Indiana University Robert H. McKinney School of Law students have been meeting monthly with participants in a re-entry program for much of the school year, mentoring them and helping them overcome barriers in whatever they need to succeed.
In less than a year, the Odyssey Text Messaging Reminder System has sent more than 400,000 text messages to criminal defendants scheduled to appear before in court. Judges say the system, which became available in May 2018 for any interested Indiana county, has reduced the number of litigants missing court dates.
Indiana’s top attorney threatened to sue the women for defamation. But the four who publicly came forward with allegations of being groped by Indiana Attorney General Curtis Hill found out that while the #MeToo movement gave them plenty of support from other victims, they will still be on their own in fighting for change.
A consequential Indiana Court of Appeals ruling on an issue of first impression last month marked one of the first times state courts have been asked to reconcile civil rights with advancing technology. The question: considering the personal nature of the contents of a person’s smartphone, can an individual be forced to unlock a smartphone without violating the Fifth Amendment?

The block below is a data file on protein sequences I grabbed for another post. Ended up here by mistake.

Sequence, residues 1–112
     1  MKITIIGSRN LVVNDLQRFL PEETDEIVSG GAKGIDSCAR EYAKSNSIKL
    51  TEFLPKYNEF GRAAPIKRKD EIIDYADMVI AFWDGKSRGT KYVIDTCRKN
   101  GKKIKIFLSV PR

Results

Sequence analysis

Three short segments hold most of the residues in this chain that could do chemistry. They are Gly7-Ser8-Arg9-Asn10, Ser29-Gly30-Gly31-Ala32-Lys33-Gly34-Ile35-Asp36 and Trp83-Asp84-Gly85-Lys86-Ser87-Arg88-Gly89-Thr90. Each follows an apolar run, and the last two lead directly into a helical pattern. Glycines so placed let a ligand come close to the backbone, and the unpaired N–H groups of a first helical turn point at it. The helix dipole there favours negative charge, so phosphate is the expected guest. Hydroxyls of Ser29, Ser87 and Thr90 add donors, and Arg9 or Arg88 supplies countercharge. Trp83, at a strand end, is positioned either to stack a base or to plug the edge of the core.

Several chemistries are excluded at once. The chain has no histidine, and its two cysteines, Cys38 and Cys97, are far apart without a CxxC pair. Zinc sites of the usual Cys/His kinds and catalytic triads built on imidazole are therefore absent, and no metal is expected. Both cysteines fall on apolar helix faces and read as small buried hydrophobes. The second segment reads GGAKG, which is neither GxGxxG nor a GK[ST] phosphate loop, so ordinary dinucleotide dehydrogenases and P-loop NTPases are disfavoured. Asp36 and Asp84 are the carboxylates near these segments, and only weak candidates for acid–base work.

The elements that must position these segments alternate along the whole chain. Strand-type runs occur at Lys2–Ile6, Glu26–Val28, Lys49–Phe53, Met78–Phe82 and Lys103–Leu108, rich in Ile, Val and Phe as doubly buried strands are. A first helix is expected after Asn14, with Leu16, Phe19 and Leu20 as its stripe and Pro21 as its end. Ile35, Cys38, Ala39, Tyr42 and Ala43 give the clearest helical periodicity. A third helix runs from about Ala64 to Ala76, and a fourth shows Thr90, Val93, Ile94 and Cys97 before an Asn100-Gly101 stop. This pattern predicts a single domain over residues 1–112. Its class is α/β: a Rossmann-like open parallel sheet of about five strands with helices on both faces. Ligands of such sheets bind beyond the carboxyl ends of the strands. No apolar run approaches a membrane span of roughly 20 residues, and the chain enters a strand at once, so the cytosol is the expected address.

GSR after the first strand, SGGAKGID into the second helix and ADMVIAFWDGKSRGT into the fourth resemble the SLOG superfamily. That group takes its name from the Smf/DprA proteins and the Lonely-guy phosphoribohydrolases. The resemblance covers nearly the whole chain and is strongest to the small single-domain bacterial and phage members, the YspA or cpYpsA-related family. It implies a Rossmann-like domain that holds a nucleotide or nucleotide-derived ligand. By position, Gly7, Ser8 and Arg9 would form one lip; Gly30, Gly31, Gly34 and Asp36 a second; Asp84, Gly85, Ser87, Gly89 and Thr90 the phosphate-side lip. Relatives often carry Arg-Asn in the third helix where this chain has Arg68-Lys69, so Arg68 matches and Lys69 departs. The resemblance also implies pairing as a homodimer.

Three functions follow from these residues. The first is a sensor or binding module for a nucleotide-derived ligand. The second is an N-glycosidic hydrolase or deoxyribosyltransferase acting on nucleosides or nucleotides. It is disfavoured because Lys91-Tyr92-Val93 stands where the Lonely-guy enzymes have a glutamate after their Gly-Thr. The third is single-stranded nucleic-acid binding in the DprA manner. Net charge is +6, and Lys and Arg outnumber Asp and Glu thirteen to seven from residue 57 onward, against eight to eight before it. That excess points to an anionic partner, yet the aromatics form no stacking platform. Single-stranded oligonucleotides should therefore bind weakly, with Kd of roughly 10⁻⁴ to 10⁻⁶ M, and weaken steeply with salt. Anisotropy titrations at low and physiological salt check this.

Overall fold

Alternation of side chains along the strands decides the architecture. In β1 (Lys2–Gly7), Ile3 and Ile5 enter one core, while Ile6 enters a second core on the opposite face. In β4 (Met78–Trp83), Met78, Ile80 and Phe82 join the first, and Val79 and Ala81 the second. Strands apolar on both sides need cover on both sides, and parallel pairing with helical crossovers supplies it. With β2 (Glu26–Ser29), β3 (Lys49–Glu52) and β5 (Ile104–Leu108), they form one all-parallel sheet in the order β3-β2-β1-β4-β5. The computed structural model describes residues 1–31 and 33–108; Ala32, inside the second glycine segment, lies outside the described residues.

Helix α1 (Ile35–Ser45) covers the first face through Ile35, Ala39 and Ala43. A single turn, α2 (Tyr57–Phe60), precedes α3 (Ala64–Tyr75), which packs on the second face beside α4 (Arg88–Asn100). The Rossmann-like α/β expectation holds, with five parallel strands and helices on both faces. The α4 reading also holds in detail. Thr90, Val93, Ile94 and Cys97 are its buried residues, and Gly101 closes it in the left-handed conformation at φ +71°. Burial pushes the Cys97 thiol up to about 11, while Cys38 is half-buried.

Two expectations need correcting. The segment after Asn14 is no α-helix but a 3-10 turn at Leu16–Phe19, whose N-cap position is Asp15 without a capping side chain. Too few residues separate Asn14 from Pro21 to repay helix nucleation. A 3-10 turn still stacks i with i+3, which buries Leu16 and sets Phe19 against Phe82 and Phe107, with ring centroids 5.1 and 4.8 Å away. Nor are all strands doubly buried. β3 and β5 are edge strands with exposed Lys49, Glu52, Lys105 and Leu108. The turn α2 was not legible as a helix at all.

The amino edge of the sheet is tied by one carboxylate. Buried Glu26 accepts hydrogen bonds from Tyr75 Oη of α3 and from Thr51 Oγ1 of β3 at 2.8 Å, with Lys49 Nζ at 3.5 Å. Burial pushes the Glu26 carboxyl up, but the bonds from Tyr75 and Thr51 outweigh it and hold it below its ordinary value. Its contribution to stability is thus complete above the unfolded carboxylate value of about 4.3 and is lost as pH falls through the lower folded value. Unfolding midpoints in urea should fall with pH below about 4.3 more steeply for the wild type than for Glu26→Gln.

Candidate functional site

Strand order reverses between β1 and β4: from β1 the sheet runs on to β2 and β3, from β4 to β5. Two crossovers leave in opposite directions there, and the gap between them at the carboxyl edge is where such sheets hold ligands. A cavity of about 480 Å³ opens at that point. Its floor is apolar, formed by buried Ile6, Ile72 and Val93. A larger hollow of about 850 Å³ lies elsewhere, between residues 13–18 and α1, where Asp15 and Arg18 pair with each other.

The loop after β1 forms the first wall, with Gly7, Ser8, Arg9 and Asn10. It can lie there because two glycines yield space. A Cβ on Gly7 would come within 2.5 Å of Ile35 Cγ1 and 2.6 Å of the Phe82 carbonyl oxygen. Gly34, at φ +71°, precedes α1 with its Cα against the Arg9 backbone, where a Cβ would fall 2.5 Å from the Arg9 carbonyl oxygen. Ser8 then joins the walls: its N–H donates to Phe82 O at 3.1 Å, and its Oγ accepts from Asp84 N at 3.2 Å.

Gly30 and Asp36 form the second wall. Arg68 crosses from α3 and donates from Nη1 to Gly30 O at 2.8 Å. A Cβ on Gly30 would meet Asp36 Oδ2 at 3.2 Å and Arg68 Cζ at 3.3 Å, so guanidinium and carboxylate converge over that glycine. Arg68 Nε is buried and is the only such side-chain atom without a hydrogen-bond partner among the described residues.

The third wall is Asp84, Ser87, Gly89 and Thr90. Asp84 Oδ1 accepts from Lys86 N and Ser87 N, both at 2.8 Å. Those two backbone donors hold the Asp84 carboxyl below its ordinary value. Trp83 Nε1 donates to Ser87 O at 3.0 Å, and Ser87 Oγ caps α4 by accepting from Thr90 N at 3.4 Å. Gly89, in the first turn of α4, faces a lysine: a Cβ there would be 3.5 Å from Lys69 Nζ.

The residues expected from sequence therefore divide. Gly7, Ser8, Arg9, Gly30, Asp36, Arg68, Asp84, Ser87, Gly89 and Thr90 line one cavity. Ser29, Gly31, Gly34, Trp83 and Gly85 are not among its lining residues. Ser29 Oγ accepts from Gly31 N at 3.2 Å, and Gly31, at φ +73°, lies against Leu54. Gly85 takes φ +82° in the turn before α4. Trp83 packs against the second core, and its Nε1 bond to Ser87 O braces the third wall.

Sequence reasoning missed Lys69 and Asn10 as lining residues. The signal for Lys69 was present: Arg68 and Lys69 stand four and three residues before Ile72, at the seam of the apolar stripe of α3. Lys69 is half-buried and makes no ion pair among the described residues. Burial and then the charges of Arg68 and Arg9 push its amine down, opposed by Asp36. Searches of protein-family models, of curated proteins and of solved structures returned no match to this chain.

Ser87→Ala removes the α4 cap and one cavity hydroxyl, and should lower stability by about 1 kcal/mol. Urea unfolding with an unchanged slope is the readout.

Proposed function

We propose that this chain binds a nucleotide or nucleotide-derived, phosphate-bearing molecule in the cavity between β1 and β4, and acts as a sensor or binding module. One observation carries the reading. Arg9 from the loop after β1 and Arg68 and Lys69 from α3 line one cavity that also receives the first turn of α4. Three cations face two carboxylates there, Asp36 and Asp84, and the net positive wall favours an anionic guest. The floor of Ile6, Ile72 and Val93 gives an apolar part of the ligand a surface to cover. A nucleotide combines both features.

John Walker Lindh, the young Californian who became known as the American Taliban after he was captured by U.S. forces in the invasion of Afghanistan in late 2001, is set to go free from the Federal Correctional Institute in Terre Haute after nearly two decades in prison.
A 21-year-old man has been sentenced to three years in prison for spray-painting anti-Semitic graffiti and lighting fires outside a Carmel synagogue. Witnesses said the man had openly advocated Nazism among friends and co-workers and had planned a larger attack.
A divided Indiana Court of Appeals panel cut a child molester’s sentence in half after it concluded that the length of his sentence was inappropriate due to his dementia and incompetence, among other things.
The owner of an Indianapolis towing company has been indicted for running what prosecutors describe as a “title-washing scheme,” in which he targeted financially distressed car owners, took possession of their vehicles, charged huge towing and storage fees and then resold them.